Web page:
Engineer: Christiane Brown.
Music by Duke Ellington.
Syndicated by Pacifica Network.
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Iran War Weekly
September 2, 2012
Hello All – A report this week on Iran’s nuclear program re-charged the debate on whether Israel should or would attack Iran before the US presidential election in November. The quarterly report of the UN’s International Atomic Energy Agency (IAEA) highlighted what it said was a significant jump in Iran’s nuclear enrichment capacity. However, a closer look at the report (as in several articles linked below) shows that the IAEA’s conclusion is simply not true. Some analyses of the report, the treatment of the report by the New York Times and other mainstream media, and a critical assessment of what’s actually happening in Iran can be found in the good/useful reading linked below.
NAM Leaders Support Iran
by Stephen Lendman
After six historic days, over 100 participating nations expressed support for common interests as well as host country Iran. The New York Times said NAM "handed….Iran a diplomatic victory."
The Christian Science Monitor suggested efforts to isolate Iran failed.
by Stephen Lendman
Washington and Israel wage dirty covert wars. Iran's been targeted for years. Imperial aims are prioritized. Rule of law principles don't matter. Israel wants sole regional dominance. America wants it globally. Lawless tactics continue.
"Decision by Netanyahu, Barak to strike Iran is almost final-Israel TV"
"Israeli speculation over Iran strike reaches fever pitch"
Over the past several weeks there has been an eruption of alarming reports, high-level meetings, and public debate over whether Israel is close to deciding—or has already decided—to launch a military assault on Iran before the November U.S. presidential election.
By Alice Slater
The Non-Aligned Movement (NAM), formed in 1961 during the Cold War, is a group of 120 states and 17 observer states not formally aligned with or against any major power bloc. The NAM held its opening 2012 session yesterday under the new chairmanship of Iran, which succeeded Egypt as the Chair.
Significantly, an Associated Press story in the Washington Post headlined, “Iran opens nonaligned summit with calls for nuclear arms ban”, reported that “Iranian Foreign Minister Ali Akbar Salehi opened the gathering by noting commitment to a previous goal from the nonaligned group, known as NAM, to remove the world’s nuclear arsenals within 13 years. ‘We believe that the timetable for ultimate removal of nuclear weapons by 2025, which was proposed by NAM, will only be realized if we follow it up decisively,’ he told delegates.”
Yet the New York Times, which has been beating the drums for war with Iran, just as it played a disgraceful role in the deceptive reporting during the lead-up to the Iraq War, never mentioned Iran’s proposal for nuclear abolition. The Times carried the bland headline on its front page, “At Summit Meeting, Iran Has a Message for the World”, and then went on to state, “the message is clear. As Iran plays host to the biggest international conference …it wants to tell its side of the long standoff with the Western powers which are increasingly convinced that Tehran is pursuing nuclear weapons”, without ever reporting Iran’s offer to support the NAM proposal for the abolition of nuclear weapons by 2025.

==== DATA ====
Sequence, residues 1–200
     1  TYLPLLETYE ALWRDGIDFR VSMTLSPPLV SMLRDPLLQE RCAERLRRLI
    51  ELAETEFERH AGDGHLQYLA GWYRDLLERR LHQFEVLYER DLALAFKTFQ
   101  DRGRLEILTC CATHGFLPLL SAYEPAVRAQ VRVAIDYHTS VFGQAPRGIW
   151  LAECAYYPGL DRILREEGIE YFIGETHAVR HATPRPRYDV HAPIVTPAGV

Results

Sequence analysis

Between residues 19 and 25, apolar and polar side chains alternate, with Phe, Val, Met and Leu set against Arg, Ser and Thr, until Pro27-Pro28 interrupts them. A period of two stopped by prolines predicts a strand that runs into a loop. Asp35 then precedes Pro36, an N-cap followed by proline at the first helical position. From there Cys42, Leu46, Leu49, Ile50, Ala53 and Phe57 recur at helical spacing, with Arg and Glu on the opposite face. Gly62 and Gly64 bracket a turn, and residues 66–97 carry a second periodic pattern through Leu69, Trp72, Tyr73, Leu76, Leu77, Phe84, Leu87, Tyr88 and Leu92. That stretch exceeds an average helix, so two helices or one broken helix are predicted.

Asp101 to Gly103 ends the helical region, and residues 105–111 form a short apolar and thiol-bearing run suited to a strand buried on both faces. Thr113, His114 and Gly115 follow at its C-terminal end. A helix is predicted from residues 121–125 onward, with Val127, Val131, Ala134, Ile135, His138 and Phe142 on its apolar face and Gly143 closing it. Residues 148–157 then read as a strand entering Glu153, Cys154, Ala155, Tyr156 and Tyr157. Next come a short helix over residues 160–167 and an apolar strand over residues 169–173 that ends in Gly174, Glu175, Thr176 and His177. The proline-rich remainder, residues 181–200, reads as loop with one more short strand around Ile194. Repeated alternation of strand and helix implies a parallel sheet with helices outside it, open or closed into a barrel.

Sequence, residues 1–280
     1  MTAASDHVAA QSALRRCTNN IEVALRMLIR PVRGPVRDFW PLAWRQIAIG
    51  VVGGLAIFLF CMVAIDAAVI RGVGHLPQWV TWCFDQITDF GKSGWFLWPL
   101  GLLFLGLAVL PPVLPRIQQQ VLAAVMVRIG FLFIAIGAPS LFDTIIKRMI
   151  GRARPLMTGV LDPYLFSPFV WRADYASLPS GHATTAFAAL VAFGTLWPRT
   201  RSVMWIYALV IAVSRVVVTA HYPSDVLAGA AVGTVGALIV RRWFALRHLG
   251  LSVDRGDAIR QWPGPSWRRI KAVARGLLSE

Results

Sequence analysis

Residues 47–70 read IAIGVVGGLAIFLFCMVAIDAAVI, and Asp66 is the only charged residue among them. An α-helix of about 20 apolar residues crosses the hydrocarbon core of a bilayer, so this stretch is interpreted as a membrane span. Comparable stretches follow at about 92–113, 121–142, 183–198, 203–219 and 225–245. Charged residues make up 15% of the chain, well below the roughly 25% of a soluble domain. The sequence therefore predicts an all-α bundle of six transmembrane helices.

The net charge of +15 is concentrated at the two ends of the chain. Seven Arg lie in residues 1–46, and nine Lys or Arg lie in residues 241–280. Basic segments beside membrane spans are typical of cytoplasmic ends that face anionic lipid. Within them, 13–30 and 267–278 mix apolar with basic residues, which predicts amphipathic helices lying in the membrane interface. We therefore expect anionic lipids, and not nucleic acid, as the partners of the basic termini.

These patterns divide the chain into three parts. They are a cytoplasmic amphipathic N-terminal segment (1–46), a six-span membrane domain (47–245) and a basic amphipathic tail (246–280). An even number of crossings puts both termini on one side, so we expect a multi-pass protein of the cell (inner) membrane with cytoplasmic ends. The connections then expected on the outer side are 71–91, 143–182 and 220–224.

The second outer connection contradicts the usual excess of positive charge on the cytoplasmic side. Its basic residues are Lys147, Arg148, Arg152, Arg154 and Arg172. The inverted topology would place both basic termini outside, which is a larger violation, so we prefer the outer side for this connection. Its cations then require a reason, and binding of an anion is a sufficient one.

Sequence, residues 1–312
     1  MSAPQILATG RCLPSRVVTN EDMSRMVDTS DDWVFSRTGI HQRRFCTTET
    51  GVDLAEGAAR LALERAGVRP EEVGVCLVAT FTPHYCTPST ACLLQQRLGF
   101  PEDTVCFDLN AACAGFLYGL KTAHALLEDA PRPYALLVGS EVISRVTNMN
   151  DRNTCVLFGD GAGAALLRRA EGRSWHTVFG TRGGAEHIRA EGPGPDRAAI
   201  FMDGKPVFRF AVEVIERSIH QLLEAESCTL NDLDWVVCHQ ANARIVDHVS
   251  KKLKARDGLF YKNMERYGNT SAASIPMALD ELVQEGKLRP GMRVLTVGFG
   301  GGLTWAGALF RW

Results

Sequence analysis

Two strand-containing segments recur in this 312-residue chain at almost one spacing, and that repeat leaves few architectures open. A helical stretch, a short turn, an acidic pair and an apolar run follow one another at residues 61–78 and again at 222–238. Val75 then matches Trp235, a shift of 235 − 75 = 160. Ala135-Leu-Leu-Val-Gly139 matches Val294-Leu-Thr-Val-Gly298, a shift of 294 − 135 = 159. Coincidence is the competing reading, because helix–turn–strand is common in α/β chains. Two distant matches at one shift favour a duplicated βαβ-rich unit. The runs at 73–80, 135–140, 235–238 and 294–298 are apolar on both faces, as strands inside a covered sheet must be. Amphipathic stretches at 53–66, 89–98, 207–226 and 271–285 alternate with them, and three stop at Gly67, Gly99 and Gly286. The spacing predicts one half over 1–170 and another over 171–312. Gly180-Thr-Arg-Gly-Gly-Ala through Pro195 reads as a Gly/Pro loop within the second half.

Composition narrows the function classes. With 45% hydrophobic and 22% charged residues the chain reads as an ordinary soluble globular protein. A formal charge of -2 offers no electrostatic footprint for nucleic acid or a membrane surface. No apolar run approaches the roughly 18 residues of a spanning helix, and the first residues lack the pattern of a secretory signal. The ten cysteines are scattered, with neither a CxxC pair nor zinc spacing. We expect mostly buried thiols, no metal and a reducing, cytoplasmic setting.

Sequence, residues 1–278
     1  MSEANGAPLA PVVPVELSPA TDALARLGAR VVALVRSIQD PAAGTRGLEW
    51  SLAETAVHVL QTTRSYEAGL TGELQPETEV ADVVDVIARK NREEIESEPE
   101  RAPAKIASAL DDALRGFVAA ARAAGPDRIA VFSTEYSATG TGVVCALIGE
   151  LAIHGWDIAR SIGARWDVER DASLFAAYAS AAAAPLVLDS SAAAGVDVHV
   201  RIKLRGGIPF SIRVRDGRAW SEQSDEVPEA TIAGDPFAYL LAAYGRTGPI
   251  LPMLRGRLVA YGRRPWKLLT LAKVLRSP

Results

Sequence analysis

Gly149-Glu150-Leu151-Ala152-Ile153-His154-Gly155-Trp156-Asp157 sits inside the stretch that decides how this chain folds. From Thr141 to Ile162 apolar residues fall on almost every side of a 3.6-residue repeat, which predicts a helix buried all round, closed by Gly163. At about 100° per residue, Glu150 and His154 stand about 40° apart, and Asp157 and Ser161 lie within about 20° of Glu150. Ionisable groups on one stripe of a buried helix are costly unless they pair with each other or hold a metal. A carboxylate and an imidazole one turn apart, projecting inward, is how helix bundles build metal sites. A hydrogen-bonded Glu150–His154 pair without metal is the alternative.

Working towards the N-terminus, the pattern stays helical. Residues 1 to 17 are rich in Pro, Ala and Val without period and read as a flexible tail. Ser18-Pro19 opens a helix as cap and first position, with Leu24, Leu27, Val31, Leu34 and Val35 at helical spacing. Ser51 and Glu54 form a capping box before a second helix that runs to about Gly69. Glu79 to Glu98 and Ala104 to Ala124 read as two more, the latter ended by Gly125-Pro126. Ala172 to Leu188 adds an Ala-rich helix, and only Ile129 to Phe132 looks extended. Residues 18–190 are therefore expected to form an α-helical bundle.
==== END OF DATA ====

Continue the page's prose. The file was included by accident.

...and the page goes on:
Surely the most sensible way to deal with Iran’s nascent nuclear weapons capacity is to call all the nations to the table to negotiate a treaty to ban the bomb. That would mean abolishing the 20,000 nuclear bombs on the planet—in the US, UK, Russia, China, France, India, Pakistan, North Korea and Israel—with 19,000 of them in the US and Russia. In order to get Russia and China to the table, the US will also have to give up its dreams of dominating the earth with missile “defenses” which, driven by corrupt military contractors and a corporate- owned Congress, are currently being planted and based in provocative rings around Russia and China.
The ball is in the U.S. court to make good faith efforts for nuclear abolition. That would be the only principled way to deal with fears of nuclear proliferation. The US must start with a genuine offer for negotiations to finally ban the bomb in all countries, including a freeze on further missile development. It should stop beating up on Iran and North Korea while it hypocritically continues to improve and expand the US arsenal, with tens of billions of dollars for new weapons laboratories and bomb delivery systems, and fails failing to speak out against the nuclear activities of other nations such as the enrichment of uranium in Japan and Brazil and the nuclear arsenal of Israel.
Iran War Weekly
August 26, 2012
Hello All – Once again the front-burner drama this week re: Iran’s nuclear program was the debate within Israel about whether it should attack Iran’s nuclear sites, and especially whether Israel would/should attack before the US presidential election. As noted below, elite opinion in Israel is running strongly against Netanyahu and the bombs-away camp; and increasingly Israelis are accusing Netanyahu of attempting to intervene in the US election to help out Mitt Romney. While US experts largely discount the possibility of an Israeli attack, I think it’s a pretty unstable situation.
Inventing an Iranian Threat
by Stephen Lendman
Iran threatens no one. Western and Israeli leaders know it. So do over 100 Non-Aligned Movement countries coming to Tehran. They'll be there from August 26 - 31. They'll participate in NAM's 16th summit.
Their presence endorses Iran's legitimacy, extends support, shows disapproval of Western hostility and belligerence, and confers prestige when Tehran most needs it.
War of Words on Iran
by Stephen Lendman
If words could kill, imperial Washington long ago would have returned Iran to its nightmarish Mohammad Reza Shah Pahlavi days.
Propaganda wars rage daily. Tehran is wrongfully called an existential threat. Imagine a country wanting peace accused of belligerent intents. Repeating it enough times gets people to believe it. Big lies have impact.